Foodborne And Waterborne Diseases

William T. Anderson Epidemiology:,Foodborne, Disease

Ep.idemiplogy:.Wate.rborne,Disease

Pathophysiology

Diagnosis

Chronic, Seguelae Prevention and Surveillance

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Pulsenet

Prevention Chapter, References

Foodborne and waterborne disease is the most widespread public health challenge facing contemporary medicine. The spectrum of illness is changing with the emergence of new pathogens and reemergence of old ones. Individual outbreaks of foodborne or waterborne illnesses have caused sickness in hundreds of thousands of people. The number of identified outbreaks has increased over the past 20 years.1 The globalization of the food economy and explosion in international travel have facilitated the transmission of disease between continents.1 Patients can present with uncommon pathogens and develop life-threatening complications or chronic illnesses. Emergency physicians need to understand the scope and magnitude of foodborne and waterborne illnesses. They should be able to recognize risk factors in the vast population of patients who present with diarrheal illness that compels a more aggressive investigation. Physicians should be cognizant of which pathogens can and cannot be tested for in their laboratory. Finally, emergency physicians should instruct patients on how to reduce their risk in the future. Specific etiologic agents and the general management of infectious diarrhea are covered elsewhere in this text.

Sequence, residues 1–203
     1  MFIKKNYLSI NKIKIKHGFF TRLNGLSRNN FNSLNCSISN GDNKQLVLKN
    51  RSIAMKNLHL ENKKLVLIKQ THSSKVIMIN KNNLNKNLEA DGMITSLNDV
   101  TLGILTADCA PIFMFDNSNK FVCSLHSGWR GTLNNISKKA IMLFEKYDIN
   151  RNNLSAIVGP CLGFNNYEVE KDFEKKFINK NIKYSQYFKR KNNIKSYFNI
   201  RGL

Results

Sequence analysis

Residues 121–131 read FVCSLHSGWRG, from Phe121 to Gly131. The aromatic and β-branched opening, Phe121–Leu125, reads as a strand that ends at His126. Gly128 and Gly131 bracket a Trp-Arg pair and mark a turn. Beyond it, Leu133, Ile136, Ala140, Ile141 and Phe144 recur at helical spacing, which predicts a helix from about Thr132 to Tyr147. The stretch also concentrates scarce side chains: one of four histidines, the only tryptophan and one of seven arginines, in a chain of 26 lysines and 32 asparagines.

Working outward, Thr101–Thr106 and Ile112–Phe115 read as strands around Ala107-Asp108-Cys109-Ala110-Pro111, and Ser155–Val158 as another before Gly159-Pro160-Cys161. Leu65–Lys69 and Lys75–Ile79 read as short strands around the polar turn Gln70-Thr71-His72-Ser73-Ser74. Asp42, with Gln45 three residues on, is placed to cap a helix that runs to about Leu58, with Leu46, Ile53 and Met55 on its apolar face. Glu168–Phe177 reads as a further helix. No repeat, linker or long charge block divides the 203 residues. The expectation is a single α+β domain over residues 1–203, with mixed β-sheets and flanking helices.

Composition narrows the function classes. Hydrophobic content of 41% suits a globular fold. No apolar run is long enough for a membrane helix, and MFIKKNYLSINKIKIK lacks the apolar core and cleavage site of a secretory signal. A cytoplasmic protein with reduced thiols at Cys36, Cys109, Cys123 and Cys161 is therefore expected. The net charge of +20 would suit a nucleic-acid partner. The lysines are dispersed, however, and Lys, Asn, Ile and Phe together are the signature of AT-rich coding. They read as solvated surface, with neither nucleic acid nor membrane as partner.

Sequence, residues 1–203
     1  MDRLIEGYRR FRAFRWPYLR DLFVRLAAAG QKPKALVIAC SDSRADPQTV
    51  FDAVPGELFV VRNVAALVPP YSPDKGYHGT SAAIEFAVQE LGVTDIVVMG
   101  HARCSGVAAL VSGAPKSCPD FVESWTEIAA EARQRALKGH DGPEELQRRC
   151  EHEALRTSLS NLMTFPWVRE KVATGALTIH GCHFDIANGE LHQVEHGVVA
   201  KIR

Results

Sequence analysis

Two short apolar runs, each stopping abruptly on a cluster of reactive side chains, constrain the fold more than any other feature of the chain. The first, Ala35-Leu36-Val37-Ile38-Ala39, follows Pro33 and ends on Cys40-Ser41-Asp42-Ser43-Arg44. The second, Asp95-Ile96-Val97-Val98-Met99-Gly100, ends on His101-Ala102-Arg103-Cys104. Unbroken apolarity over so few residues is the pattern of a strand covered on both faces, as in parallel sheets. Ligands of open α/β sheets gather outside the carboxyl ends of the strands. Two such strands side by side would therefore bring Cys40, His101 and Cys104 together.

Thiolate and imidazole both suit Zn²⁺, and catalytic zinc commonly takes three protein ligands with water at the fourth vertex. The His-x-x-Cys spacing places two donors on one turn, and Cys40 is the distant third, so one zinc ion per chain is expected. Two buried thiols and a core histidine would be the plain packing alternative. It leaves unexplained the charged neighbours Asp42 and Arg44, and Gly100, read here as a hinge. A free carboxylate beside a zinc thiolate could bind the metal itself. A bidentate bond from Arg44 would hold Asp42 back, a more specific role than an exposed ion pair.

Foodborne and waterborne illnesses encompass a variety of clinical and etiologic conditions. Waterborne illness is defined by the Centers for Disease Control and Prevention (CDC) as an illness that occurs after consumption or use of water intended for drinking or as illness associated with recreational water such as swimming pools, whirlpools, hot tubs, spas, water parks, and naturally occurring fresh and marine surface waters.2 A foodborne-illness outbreak is the occurrence of two or more cases of a similar illness resulting from the ingestion of a common food.3 Food or water may act as a vehicle for transmission of actively growing organisms or as a transfer medium for nonreplicating viruses, toxins, protozoa, bacteria, or chemical agents.

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